This is another in my series of posts about walking the LDWA 100 in 2021.
The bad news is that the LDWA 100 won’t be taking place in Wales, which is a great shame for the organisers who had already put back their event by one year due to the health crisis. At the time, it seemed almost implausible that things wouldn’t have returned to normal by a year later, but events have gone in a direction that couldn’t be expected. So much time spent by the organising committee, but hopefully members will experience the route suggested in the future as a walk across a few days (unless they want to go round it in 48 hours…).
But, enough negativity as this is a positive event! It all means that there’s a Plan B, and this was the announcement from the LDWA:
“Due to the continued uncertainty about the COVID-19 pandemic the organising committee of the Y 100 Sir Fynwy have reluctantly concluded that it is impossible to hold the original Y 100 Sir Fynwy with any confidence that it will be able to take place.
To avoid a second year without a 100 mile event, with the agreement of the LDWA National Executive Committee, it has been decided to hold a Virtual Y 100 Sir Fynwy event. The main points are:
To be held on the weekend of 29th to 31st May 2021
Entrants to choose their own route of at least 100 miles
The 100 mile route to be completed in 48 elapsed hours
Open to all LDWA members
No qualifying event required
No limit on number of entrants
Successful completion will count towards 10/20/30/40 Hundred awards
Entry via SI Entries only, entry fee £20
Entrants will be required to provide evidence that 100 miles has been covered
Certificate and badge for successful completion
Completion of at least 50 miles in 24 elapsed hours will qualify for the 2022 Trans Pennine 100″
Virtual in this sense is being used to mean that people can follow their friends (or people who aren’t their friends) take part in their own personal 100-mile route. It still means that there will be a lot of brave people walking the 100 miles, that bit unfortunately isn’t virtual…. The plan that Nathan and I have is to walk Wherryman’s Way, meander around Whitlingham Lake a few times, go back home for a little rest (since we live nearby which is handy), then walk along some former railway lines. They’re handy these railway lines, flat and everything…. And there’s a lot of flat on this route, which makes things so much easier in my view. And our route will ensure that there are Greggs and pubs along the way, so we’ll have to time that carefully.
Dave Morgan, the courageous and energetic national chair, has made clear that walking on flat for 100 miles is very difficult. Well, he’s right, anyone can walk up and down hills, this will be a true challenge for those of us completing it in Norfolk…. But we don’t go on about our bravery.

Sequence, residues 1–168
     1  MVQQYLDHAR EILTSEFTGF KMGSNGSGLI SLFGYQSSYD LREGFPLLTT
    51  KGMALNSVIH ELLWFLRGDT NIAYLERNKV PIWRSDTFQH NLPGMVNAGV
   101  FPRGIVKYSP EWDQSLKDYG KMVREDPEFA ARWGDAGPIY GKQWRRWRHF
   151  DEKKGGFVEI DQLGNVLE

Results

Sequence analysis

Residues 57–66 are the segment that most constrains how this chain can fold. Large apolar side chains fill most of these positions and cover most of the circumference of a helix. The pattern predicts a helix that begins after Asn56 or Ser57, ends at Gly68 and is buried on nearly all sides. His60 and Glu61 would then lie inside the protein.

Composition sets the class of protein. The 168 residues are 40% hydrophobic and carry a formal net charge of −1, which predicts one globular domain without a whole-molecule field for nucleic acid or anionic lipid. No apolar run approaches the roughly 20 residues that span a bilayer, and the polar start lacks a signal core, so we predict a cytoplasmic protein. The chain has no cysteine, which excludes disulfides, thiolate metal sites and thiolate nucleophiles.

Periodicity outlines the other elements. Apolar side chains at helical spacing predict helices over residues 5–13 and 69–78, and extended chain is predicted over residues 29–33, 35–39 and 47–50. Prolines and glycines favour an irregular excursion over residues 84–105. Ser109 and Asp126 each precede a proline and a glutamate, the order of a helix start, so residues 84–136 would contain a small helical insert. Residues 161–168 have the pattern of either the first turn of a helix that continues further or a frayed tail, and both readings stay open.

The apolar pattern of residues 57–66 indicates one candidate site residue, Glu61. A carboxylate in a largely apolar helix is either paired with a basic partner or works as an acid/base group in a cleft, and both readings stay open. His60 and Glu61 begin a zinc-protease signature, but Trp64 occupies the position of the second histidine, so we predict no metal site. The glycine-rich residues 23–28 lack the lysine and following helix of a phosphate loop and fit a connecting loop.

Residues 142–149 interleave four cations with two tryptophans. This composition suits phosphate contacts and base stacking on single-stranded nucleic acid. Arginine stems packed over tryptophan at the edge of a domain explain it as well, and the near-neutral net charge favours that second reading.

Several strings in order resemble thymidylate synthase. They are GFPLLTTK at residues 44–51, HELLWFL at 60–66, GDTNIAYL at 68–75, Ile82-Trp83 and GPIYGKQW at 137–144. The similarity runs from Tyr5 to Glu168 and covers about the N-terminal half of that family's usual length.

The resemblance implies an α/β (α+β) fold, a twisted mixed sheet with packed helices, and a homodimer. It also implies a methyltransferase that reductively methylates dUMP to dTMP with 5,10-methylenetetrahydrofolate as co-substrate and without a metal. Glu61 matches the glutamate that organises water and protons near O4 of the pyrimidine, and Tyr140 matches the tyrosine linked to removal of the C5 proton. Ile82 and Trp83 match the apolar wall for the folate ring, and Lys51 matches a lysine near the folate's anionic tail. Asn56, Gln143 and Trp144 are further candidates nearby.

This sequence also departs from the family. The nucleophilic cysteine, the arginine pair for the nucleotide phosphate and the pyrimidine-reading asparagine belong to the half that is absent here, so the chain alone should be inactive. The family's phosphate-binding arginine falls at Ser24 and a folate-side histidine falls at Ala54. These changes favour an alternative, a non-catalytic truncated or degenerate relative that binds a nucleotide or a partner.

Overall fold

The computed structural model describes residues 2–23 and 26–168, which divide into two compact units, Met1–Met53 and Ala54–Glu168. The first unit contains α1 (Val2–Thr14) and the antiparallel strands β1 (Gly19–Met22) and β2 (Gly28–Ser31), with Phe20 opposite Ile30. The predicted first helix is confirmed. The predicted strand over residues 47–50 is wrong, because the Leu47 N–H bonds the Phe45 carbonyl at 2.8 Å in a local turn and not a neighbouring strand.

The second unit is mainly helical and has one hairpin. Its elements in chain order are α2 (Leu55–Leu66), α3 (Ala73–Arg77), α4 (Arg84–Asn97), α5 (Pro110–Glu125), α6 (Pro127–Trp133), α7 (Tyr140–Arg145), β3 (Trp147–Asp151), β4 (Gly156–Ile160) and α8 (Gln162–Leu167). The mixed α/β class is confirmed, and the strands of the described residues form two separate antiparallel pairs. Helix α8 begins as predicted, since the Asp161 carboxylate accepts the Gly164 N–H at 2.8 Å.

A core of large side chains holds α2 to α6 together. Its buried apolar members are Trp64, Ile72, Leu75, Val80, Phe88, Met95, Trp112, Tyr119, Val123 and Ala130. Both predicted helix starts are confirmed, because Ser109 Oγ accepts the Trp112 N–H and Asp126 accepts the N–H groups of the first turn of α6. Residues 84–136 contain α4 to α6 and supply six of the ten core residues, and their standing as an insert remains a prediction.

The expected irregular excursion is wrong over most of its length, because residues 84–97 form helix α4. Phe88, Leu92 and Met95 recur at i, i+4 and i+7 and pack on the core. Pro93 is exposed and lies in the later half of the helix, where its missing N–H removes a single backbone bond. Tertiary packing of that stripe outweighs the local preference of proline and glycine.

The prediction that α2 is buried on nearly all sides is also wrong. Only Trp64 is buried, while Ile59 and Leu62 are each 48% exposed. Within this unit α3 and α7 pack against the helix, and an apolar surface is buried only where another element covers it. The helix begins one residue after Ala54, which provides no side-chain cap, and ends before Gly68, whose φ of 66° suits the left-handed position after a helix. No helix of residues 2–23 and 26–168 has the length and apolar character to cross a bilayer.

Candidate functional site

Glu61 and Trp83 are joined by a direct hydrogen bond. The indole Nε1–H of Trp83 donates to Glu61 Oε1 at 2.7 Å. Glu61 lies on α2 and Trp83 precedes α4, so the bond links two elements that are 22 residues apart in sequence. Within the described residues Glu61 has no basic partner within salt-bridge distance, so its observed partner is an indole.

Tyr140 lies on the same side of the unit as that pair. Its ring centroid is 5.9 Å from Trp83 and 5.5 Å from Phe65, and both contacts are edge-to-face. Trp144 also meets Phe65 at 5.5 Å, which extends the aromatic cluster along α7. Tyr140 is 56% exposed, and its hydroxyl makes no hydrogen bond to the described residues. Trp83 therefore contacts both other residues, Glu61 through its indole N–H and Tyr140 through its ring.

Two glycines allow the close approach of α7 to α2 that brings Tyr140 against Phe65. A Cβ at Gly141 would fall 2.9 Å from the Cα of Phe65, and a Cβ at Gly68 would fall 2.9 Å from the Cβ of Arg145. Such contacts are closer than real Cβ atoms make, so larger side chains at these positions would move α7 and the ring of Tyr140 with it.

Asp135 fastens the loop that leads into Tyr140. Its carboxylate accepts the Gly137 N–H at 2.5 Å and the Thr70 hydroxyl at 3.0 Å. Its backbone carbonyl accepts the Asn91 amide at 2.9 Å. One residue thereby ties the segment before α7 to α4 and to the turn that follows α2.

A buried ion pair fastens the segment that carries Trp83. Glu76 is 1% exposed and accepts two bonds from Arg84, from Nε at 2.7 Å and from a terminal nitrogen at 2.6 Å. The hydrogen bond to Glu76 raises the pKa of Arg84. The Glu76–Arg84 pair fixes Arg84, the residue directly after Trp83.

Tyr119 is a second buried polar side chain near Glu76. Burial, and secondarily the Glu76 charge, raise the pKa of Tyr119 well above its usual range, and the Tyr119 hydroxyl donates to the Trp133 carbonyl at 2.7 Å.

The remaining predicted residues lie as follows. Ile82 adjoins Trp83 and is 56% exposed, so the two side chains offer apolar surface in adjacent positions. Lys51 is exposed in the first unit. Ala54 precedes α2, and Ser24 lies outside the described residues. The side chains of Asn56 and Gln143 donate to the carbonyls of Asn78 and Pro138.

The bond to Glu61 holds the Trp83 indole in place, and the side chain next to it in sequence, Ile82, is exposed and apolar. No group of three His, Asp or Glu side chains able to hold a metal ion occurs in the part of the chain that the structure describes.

So, this all means that our plan to complete the event will unfold during early 2021, including the route that we propose. I’m intending to see how many friends can line the route (to reward and comment on our bravery), becoming the new checkpoint crew and offering us food and drinks (and praise). I shall be spending a lot of time on ensuring that the food is nutritional and healthy, so there will be absolutely no junk. Indeed, this will require the bulk of our planning time, but food and drink is essential to finish a walk like this.
Will we complete it? Who knows, but there are some advantages for us walking it like this. This is my first 100, and to be honest, maybe my last. Remember Adam Dawson’s 100 interview? I subscribe to that theory. But, maybe I’ll become all “I must do this every year, it’s so fun”. But I doubt it, because 100 miles is a long way….
Anyway, I digress. Doing it this way means that we are unlikely (although I don’t put it past us) to get lost, since we’ll know the route. We can change the route to suit our needs and also, I understand, start a little earlier in the day than the usual fixed time. Home will be on the route, which helps in terms of having more socks, shoes and anything else to change into, giving that bit more flexibility than the actual event. I mentioned I hadn’t done a 100 before, and this is what will be useful here, I don’t have to carry everything ‘just in case’ I need it which is what I’d have done in Wales.
Checkpoints are wonderful to get moral support on, but we’ll do our best to recreate that experience with friends and anyone who else who is nearby and bemused. I’ll be taking photos and making short videos around the event, so people can compare my efforts with that of Dave Morgan, who will be doing the same. He’ll be all inspirational and have videos of valleys and lakes (and rain, he’s doing it in Wales) whereas I will concentrate on food and drink, as well as being grumpy. But, as they say (I don’t know who they are here) everyone walks the 100 in their own way.
Anyway, what can possibly go wrong?